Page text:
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Long distant Motorbike Riding

Posted by Nathan Williams on Friday, July 26, 2019 Under: Motorcycle Riding Skills
It is important to remember that not all bikes handle well under the pressure of long distances. Touring motorcycles are usually the best option for this job as they have a number of added features for long distance travelling such as extra weight capabilities and optimum performance.

These bikes also offer more comfort for long distance travelling with their hard flat saddles and knee to leg ratio that doesn't inhibit position change. These are very important factors to consider when purchasing a touring motorcycle and can greatly influence the quality of your journey.

It is also important to carefully consider your hearing protection. Often people think it is the noise of the exhaust pipe that can cause problems, however the wind can be just as harmful. Helmets should reduce the wind noise, if you choose one that fits your head correctly, and use ear plugs regularly. The earphones are particularly useful in reducing the high pitched tones made between your ears and the helmet.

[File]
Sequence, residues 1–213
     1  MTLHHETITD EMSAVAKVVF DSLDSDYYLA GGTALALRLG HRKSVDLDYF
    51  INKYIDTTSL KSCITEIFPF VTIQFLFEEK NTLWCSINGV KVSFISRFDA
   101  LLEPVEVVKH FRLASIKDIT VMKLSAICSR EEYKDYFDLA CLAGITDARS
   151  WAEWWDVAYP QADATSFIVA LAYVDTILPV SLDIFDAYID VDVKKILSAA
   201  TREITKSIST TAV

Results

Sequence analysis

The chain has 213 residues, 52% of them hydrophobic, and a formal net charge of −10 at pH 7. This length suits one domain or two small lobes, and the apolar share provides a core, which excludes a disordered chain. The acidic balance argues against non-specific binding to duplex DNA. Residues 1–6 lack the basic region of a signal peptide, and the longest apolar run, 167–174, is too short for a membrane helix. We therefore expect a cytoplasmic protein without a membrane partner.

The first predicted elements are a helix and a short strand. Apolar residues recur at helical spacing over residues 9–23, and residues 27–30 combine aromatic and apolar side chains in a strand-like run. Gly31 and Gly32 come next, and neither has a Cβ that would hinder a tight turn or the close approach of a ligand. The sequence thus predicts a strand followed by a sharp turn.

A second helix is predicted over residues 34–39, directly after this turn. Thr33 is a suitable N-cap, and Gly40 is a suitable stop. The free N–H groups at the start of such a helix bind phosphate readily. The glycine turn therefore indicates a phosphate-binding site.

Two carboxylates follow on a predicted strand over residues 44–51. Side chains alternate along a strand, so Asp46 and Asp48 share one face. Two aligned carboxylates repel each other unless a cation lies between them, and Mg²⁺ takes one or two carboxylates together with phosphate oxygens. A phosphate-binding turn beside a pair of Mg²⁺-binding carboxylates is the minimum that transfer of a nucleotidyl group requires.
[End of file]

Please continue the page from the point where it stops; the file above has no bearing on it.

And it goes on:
Once you have acquired all the appropriate gear, it's time to choose a route. Important factors to consider when deciding on a route is choosing the correct roads, choosing alternate roads and selecting the shortest route. Hilly roads make for wonderful additions to journeys, while narrow roads are not recommended. It is also better to travel on routes that travel on quieter roads instead of roads linking major cities.

Remember to research the rules of the road and signage in different regions and adapt your riding style accordingly. The final necessity for a long distance bike journey is an adequate bike insurance for peace of mind on the open road.

Riding in the UK

In the UK motorbikes travel on the left-hand side of the road and overtake on the right - but there's no automatic priority for vehicles coming from the left. At roundabouts, always give priority vehicles cars coming from the right. At junctions, a broken line indicates that you should wait and give way to traffic on the other road. The Highway Code (from AA and RAC motoring organisations and most bookshops) offers detailed guidance. It is compulsory for motorcycle riders and passengers to wear helmets.

Fuel and service stations are at frequent intervals along main roads and in towns and villages. Filling stations on motorways may be as much as 50 miles apart but are open 24 hours, as are some filling stations in populated areas.

Unless street signs show a lower limit, ordinary single carriageway speed limits are 96 km/h (60 mph); the dual carriageways/motorway limit is 112 km/h (70 mph). The normal speed limit in towns and built up areas in 48 km/h (30 mph); although some approaches and freeways in and around populated areas have clearly marked speed limits of 64 km/h (40 mph).

Parking in towns and cities is normally at metered places or paying car parks. Avoid parking on double yellow lines at any time. Many towns and cities offer 'park and ride' schemes with frequent buses to get you to and from the shopping and sights.

In : Motorcycle Riding Skills 

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